Schlepp was allowed to come in the car on the way to dinner. But by the time we arrived at the restaurant, Isabelle wanted to take him in with us. While Schlepp is her dear teddy bear who she’s slept with nightly since she turned one year-old, he has only gone out to a restaurant a handful of times.
“I wanna bring Schleppy!” Isabelle said.
“No, Schleppy stays in the car,” I replied.
“Schleppy in dinner!” she demanded.
“No, Izzy,” I said firmly.
“I wanna bring Schleppy in dinner please!”
The articulation wasn’t perfect, but the sentence was pretty spot-on. I had to give her credit for her persistence too.
I took a deep breath. I don’t going back on what I say. In fact, I rarely do it. But I wanted to have a peaceful dinner and if this bear could give that to us, then maybe, just maybe, he could come in! This wasn’t a battle I needed to have. Getting her to be patient while she’d have to wait for her food, for us to finish the meal, and to get up — those were battles were worth having. A battle over a teddy bear was NOT worth having. Not tonight.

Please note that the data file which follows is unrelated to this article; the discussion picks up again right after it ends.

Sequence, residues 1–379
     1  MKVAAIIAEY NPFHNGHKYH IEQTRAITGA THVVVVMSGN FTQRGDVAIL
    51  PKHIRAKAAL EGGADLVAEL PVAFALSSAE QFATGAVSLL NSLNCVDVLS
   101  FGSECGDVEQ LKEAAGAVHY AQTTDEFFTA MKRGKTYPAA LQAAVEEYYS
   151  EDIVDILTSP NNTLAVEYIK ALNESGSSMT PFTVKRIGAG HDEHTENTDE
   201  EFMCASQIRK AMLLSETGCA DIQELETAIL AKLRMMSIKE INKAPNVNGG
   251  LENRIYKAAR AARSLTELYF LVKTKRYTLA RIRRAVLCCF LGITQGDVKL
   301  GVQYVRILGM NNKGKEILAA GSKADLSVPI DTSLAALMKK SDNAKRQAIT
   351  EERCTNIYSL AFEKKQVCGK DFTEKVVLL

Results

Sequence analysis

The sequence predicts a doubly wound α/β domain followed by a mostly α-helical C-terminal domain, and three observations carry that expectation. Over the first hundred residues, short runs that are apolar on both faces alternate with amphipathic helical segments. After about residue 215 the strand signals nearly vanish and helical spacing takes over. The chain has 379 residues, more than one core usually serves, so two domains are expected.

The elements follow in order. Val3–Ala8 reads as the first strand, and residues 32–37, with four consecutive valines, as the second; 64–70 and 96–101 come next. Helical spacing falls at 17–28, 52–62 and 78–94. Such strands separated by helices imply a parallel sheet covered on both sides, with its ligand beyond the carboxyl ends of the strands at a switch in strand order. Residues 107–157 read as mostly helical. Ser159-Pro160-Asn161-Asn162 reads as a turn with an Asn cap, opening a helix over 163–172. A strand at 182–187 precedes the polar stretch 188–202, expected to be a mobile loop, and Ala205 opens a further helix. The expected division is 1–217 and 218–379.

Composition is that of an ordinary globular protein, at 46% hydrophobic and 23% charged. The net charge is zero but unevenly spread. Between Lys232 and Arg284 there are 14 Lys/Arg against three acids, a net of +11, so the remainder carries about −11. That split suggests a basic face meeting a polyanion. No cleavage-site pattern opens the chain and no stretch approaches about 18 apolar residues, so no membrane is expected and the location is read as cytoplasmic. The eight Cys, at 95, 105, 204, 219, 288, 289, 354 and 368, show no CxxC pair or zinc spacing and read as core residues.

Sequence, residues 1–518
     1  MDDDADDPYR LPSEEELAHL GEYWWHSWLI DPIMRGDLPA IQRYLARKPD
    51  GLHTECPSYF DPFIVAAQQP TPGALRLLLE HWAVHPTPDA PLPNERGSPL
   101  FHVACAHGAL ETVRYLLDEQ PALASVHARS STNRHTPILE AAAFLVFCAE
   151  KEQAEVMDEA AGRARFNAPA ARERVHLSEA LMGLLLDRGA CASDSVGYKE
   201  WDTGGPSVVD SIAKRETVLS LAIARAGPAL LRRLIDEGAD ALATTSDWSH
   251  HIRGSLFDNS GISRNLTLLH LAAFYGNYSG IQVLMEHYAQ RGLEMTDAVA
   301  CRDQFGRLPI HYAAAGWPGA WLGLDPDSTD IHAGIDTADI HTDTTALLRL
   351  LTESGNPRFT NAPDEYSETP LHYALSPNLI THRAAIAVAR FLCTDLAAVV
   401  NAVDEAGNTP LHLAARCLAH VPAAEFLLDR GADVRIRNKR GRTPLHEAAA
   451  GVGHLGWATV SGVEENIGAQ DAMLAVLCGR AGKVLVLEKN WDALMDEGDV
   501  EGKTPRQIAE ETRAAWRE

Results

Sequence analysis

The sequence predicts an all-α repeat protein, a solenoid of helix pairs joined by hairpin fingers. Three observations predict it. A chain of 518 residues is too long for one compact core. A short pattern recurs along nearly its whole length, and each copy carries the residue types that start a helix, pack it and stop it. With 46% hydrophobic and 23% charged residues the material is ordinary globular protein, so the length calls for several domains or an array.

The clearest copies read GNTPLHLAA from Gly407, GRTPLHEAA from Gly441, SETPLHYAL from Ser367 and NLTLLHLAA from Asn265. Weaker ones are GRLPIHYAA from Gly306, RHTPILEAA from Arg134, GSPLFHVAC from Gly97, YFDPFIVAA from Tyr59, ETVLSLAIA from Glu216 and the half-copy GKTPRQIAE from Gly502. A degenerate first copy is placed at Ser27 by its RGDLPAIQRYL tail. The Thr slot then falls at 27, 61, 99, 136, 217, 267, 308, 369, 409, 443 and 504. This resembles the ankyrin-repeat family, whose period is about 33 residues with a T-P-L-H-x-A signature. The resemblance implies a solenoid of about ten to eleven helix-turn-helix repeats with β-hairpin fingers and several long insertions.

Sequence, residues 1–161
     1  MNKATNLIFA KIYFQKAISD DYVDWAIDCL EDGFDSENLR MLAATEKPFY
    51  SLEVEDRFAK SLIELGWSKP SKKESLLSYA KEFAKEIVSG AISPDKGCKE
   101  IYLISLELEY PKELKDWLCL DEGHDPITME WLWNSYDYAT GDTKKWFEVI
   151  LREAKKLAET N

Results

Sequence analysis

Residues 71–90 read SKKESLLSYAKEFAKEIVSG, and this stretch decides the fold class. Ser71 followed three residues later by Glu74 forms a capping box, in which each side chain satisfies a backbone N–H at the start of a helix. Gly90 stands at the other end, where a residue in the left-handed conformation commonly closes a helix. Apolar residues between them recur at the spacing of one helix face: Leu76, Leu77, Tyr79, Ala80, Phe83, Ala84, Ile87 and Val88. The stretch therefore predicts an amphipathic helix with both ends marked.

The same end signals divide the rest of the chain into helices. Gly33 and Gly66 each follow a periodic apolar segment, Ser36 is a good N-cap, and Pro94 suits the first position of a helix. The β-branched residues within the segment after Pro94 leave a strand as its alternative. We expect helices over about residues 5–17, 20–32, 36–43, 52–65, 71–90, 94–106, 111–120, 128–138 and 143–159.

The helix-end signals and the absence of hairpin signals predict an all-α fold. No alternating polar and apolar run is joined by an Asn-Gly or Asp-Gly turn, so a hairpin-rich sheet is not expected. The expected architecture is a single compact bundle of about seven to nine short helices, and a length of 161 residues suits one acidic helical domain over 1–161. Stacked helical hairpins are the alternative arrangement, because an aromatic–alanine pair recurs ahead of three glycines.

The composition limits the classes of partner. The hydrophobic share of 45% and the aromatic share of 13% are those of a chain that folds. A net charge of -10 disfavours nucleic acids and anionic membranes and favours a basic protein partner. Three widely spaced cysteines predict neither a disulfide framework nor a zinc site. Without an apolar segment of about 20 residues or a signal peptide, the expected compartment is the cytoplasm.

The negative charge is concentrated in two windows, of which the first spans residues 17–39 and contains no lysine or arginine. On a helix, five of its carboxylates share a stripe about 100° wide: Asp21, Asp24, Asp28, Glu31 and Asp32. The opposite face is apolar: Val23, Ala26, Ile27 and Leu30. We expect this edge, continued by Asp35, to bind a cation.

“Fine, he can come in,” I said. “But I’m going to carry him through the parking lot because you need to hold my hand.”
“Okay Mommy,” Isabelle smiled.
* * * * *
Schlepp sat atop my handbag, which was under the table, for most of the meal. He really wasn’t needed since Isabelle had crayons and Little People (and the rest of the family). But, right before her food arrived, things looked like they might get a little dicey.
“Tummy hungry!” she said, over and over again.
“Your chicken is coming soon,” I said.
That back and forth happened several times. Finally, I pulled Schelpp out from under the table. She hugged him tightly, while coloring, ’til her food arrived. And once it came, she hugged him ’til it cooled.
Maybe the bear at dinner wasn’t such a bad idea after all. And maybe, just maybe, it’s another lesson in knowing when to pick your battles.